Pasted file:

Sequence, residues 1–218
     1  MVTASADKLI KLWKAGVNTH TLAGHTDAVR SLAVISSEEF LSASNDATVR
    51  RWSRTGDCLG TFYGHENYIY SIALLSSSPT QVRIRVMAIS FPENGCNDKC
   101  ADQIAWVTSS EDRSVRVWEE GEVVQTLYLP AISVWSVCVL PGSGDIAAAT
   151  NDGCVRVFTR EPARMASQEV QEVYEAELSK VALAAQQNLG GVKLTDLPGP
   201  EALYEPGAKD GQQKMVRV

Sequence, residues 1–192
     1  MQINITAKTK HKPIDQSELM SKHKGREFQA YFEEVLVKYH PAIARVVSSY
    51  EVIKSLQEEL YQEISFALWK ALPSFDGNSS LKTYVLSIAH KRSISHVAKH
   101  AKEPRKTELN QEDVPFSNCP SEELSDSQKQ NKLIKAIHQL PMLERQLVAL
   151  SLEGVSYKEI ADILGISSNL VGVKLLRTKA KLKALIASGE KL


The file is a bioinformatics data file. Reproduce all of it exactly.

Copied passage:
Sequence, residues 1–218
     1  MVTASADKLI KLWKAGVNTH TLAGHTDAVR SLAVISSEEF LSASNDATVR
    51  RWSRTGDCLG TFYGHENYIY SIALLSSSPT QVRIRVMAIS FPENGCNDKC
   101  ADQIAWVTSS EDRSVRVWEE GEVVQTLYLP AISVWSVCVL PGSGDIAAAT
   151  NDGCVRVFTR EPARMASQEV QEVYEAELSK VALAAQQNLG GVKLTDLPGP
   201  EALYEPGAKD GQQKMVRV

Sequence, residues 1–192
     1  MQINITAKTK HKPIDQSELM SKHKGREFQA YFEEVLVKYH PAIARVVSSY
    51  EVIKSLQEEL YQEISFALWK ALPSFDGNSS LKTYVLSIAH KRSISHVAKH
   101  AKEPRKTELN QEDVPFSNCP SEELSDSQKQ NKLIKAIHQL PMLERQLVAL
   151  SLEGVSYKEI ADILGISSNL VGVKLLRTKA KLKALIASGE KL